Understanding Knee Osteoarthritis: A Sports Medicine Specialist’s Guide

What is Knee Osteoarthritis?

Knee osteoarthritis is a degenerative joint disease that affects millions globally, leading to pain, stiffness, and a diminished quality of life.

It is caused by the breakdown of the protective cartilage in the knee joint, which cushions the ends of bones and enables smooth joint movements. As the cartilage deteriorates, the bones begin to rub against each other, causing pain, swelling, and difficulty in movement.

It predominantly affects individuals in their middle to late adulthood, although younger people can also be affected, especially if they have a history of knee injuries.

Causes and Risk Factors

Age: The risk of developing knee osteoarthritis increases with age, as the wear and tear on the knee joints accumulate over the years, leading to the gradual degradation of cartilage.

Gender: Women are more likely to develop this condition, especially after the age of 50. This is due to the hormonal differences between men and women.

Obesity: Excess body weight puts additional pressure on the knee joints, thus accelerating the wear and tear process of cartilage.

Genetics: Individuals with a family history of knee osteoarthritis are at a higher risk of developing the condition.

Joint Injuries: Individuals with knee injuries, such as those sustained in sports or accidents, are at a higher risk because damaged joints are still susceptible to osteoarthritis even after healing.

While some factors like genetics cannot be altered, others, such as obesity and joint injuries, can be addressed through lifestyle changes and preventive measures.

Symptoms of Knee Osteoarthritis

The symptoms of knee osteoarthritis can vary in intensity and may develop gradually over time.

Knee Pain: Pain in the knee during or after movement is one of the most common symptoms. The pain may worsen following prolonged activity but typically improves with rest.

Swelling and Tenderness: Swelling and tenderness in the knee area may occur, especially after extended periods of activity, due to inflammation within the joint.

Limited Movement: The knee may not be able to move through its full range of motion, and individuals might experience difficulty in bending or straightening their knees.

Crepitus: Crepitus is where a grating sensation or the sound of bone rubbing against bone can be felt when moving the knee.


The diagnosis of knee osteoarthritis involves a combination of clinical evaluation and imaging studies. A thorough assessment is required, which includes a discussion about symptoms, their onset, and how they’ve progressed over time.

This will be followed by a physical examination of the knee’s range of motion as well as the presence of swelling, tenderness, and signs of knee joint changes.

Imaging tests such as X-rays and Magnetic Resonance Imaging (MRI) can help to visualise the extent of the cartilage loss and reveal bone spurs around a joint.

In some cases, laboratory tests may be conducted to rule out other conditions that can mimic the symptoms of knee osteoarthritis, such as rheumatoid arthritis, by analysing the levels of certain markers in the blood or fluid from the joint.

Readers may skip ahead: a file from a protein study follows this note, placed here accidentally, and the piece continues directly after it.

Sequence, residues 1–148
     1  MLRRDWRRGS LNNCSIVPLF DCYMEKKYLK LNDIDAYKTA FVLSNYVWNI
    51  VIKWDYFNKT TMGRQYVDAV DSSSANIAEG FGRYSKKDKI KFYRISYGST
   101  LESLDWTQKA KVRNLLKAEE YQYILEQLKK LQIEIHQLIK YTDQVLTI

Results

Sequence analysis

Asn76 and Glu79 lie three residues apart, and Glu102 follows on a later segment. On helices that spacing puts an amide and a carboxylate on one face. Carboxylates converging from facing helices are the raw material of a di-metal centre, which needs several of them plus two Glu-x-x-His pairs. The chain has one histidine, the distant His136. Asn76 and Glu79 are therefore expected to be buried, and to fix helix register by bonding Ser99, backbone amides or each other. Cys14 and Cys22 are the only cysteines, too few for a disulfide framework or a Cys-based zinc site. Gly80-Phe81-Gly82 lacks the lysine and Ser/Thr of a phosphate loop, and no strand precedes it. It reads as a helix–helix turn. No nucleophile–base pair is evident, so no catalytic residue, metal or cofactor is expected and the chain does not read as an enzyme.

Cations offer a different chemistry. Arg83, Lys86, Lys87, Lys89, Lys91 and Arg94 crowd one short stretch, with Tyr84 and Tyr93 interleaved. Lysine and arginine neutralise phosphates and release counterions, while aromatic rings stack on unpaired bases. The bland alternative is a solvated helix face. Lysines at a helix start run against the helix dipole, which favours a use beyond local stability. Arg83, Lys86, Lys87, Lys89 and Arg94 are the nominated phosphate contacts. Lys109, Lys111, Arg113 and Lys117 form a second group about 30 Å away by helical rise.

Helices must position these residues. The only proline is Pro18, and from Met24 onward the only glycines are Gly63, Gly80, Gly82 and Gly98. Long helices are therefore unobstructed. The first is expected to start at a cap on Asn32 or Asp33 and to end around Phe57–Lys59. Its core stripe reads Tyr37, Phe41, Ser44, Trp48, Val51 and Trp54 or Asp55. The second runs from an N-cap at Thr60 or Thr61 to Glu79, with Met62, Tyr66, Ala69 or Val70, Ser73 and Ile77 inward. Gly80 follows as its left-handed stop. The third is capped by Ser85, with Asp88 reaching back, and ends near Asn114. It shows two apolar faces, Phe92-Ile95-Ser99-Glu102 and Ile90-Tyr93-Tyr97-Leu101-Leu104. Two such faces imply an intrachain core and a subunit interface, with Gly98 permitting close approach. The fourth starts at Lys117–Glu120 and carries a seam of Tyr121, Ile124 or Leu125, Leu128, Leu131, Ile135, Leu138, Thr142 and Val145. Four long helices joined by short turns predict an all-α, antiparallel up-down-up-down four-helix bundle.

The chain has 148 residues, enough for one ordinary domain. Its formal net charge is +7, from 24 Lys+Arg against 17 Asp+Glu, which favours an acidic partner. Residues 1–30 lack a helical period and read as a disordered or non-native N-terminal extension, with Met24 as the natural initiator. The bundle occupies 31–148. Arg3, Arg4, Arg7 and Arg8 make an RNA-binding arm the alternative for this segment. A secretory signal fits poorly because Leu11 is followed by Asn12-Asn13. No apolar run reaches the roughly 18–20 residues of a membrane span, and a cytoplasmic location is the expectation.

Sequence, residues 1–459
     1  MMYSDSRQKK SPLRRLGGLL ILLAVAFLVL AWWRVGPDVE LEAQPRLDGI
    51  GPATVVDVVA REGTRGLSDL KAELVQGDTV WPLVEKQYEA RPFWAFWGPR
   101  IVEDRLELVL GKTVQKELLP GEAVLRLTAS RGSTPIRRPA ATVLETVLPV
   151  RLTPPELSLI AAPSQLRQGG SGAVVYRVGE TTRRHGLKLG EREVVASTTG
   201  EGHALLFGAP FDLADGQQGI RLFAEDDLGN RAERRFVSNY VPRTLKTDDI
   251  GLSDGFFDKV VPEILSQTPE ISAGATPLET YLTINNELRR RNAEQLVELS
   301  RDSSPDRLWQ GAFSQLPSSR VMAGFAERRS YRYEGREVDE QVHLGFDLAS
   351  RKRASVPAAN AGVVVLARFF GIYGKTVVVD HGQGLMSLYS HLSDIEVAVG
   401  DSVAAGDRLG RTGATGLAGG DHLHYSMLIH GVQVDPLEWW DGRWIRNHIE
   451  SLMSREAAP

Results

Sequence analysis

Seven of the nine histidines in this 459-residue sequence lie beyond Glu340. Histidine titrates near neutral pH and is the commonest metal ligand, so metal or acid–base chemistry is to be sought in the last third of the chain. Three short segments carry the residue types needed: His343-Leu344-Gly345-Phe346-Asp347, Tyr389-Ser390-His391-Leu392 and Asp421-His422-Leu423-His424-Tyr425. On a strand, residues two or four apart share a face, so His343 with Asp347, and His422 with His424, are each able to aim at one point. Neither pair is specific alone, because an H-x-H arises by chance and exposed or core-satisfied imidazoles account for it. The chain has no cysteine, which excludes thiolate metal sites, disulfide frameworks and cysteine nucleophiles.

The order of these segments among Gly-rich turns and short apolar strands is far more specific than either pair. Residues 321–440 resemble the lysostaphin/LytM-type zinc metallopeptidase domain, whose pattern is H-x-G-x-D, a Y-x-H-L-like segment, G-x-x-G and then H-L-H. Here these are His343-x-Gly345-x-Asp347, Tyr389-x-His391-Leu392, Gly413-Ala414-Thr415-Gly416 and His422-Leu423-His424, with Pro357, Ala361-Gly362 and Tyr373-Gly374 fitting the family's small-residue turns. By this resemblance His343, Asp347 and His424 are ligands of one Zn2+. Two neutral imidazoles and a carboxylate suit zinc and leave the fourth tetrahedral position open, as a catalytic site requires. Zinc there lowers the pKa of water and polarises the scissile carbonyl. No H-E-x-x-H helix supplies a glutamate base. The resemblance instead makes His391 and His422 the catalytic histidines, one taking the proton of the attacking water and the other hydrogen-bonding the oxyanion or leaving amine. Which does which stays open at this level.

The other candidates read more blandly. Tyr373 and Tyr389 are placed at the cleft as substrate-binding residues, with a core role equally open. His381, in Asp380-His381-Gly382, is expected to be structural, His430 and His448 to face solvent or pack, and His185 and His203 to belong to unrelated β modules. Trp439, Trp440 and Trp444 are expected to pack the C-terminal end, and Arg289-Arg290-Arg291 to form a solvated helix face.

Treatment Options

The choice of treatment for knee osteoarthritis depends on the severity of symptoms and the individual’s overall health. A multidisciplinary approach involving a sports medicine specialist and other healthcare professionals is usually recommended.

Minimally Invasive Treatments

Platelet-Rich Plasma (PRP) Therapy:
PRP therapy involves injecting a concentration of the patient’s platelets into the knee. This promotes natural healing and reduces inflammation by utilising growth factors found in the platelets. It alleviates pain and improves joint function.

Viscosupplementation involves injecting hyaluronic acid directly into the knee joint to mimic the fluid that naturally lubricates the joint. It improves mobility and reduces pain by decreasing friction and wear in the arthritic joint.

Non-Invasive/Non-Surgical Treatments

Radio-frequency Therapy:
This therapy utilises heat generated by radio waves to target and treat the nerves around the knee joint responsible for pain transmission. It can help to manage the pain and stiffness associated with osteoarthritis and enhance joint mobility.

Low-Level Laser Therapy (LLLT):
This treatment method uses low-level light to stimulate healing and reduce inflammation. LLLT can enhance tissue repair, improve circulation, and stimulate the regeneration of cells, leading to decreased pain in the knee joint affected by osteoarthritis.

When You Should See A Sports Medicine Specialist

Sports medicine specialists play an important role in the care of individuals with knee osteoarthritis. Our expertise in musculoskeletal disorders, combined with a focus on physical activity and sports-related injuries, allows us to manage this condition from both a preventive and therapeutic perspective.

We can provide you with customised treatment plans that balance the need for joint protection with the desire to maintain an active lifestyle, incorporating medication, physical therapy, and activity modification.

If you’re experiencing persistent knee pain, stiffness, or limited mobility that affects your daily activities, consult our clinic for an appointment today.